Agreement attached in Exhibit B and will include an assignment of all of his right, title and interest in and to the Patents and the intellectual property related to the Patents. [ 6a] Terry GLYNN will contribute all contracts as well as, current and future revenue pertaining to the patented bladder system... The value of this contribution is estimated at $215,000. [6b.] C. Distribution of Profits/Losses and Equity Ownership ... The Net Profits or Losses of the Company and Equity Ownership, for both accounting and tax purposes, will be distributed between the Members in the following manner: Phillip Troy CHRISTY- 33.33%; F. Terry GLYNN- 33.33%; Gery SAMPERE- 33.33%. [7] D. Management ...The initial Managers ofthe Company, until their successors or any additional Managers have been appointed, shall be Phillip Troy CHRISTY, F. Terry GLYNN and Gery SAMPERE. [ 11.1a.] The Company shall be managed by the Managers and the conduct of the Company's business shall be controlled and conducted by the Managers in accordance with this Agreement. [11.1d] E. Management ... The following decisions of the Managers will require a 67% super majority consent: 1) To remove any of CHRISTY, GLYNN, or SAMPERE as Manager. [11.lg.] F. Management…. The following decisions require consent of GLYNN and CHRISTY: 1.) To sell, assign or otherwise transfer the Company with the ownership of the Patent included for a price of less than 15,000,000 dollars. [11.1(h)(i)(1)]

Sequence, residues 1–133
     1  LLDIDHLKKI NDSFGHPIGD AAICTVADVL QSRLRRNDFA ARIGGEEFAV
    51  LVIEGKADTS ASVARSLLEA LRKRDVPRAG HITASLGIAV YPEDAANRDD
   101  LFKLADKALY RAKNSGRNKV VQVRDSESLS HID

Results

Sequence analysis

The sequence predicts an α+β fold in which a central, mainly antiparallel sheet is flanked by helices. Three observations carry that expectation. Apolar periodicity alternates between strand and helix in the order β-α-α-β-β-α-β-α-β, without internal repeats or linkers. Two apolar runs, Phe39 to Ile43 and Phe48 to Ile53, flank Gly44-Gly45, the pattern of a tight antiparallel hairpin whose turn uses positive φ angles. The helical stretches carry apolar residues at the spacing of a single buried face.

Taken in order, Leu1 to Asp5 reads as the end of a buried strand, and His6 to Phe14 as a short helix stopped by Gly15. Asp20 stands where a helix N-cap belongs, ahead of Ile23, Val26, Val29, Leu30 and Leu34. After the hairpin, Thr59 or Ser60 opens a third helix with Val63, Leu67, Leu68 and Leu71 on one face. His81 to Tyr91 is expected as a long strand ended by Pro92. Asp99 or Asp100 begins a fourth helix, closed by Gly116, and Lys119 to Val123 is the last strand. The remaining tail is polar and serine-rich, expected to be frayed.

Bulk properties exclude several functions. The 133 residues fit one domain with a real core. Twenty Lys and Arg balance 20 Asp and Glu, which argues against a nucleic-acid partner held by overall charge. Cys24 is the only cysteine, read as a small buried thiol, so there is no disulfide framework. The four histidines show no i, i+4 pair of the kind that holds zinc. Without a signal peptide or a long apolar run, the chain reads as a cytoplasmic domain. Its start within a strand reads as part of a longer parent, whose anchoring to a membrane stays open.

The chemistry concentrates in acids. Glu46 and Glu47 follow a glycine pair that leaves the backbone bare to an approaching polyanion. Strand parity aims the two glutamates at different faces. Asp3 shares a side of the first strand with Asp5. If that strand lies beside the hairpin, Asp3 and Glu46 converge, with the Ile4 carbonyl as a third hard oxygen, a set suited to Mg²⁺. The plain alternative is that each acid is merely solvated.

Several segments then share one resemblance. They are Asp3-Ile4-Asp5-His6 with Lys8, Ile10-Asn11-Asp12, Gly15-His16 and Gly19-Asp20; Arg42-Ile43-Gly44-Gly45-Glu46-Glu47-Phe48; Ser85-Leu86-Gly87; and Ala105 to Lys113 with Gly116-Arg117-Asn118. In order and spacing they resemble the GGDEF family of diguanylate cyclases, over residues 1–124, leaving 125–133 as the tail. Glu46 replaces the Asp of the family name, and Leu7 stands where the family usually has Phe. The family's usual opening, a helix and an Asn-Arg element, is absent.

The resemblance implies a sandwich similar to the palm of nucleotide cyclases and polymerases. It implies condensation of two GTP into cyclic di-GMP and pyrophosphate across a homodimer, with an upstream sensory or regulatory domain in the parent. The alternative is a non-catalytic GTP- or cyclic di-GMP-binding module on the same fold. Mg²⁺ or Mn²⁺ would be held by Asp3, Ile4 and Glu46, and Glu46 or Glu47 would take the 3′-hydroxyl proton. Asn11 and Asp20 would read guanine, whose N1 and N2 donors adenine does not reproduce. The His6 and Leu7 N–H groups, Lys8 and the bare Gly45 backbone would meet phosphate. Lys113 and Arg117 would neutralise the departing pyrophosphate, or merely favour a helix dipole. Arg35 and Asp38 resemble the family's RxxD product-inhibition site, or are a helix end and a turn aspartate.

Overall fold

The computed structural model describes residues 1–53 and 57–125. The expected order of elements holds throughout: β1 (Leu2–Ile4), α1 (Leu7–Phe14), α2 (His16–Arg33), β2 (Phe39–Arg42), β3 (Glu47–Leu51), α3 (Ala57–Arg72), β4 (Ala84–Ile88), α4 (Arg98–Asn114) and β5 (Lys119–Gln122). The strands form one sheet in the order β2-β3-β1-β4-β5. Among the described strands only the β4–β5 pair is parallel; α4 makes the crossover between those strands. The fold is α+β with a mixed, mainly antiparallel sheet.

16.

The business of the LLC was to otherwise sell, exploit, market, and optimize the use of

the Patents in conjunction with licensing and/or selling the proprietary backpack air bladder system. 17. In conjunction with executing the Operating Agreement, each Member also entered into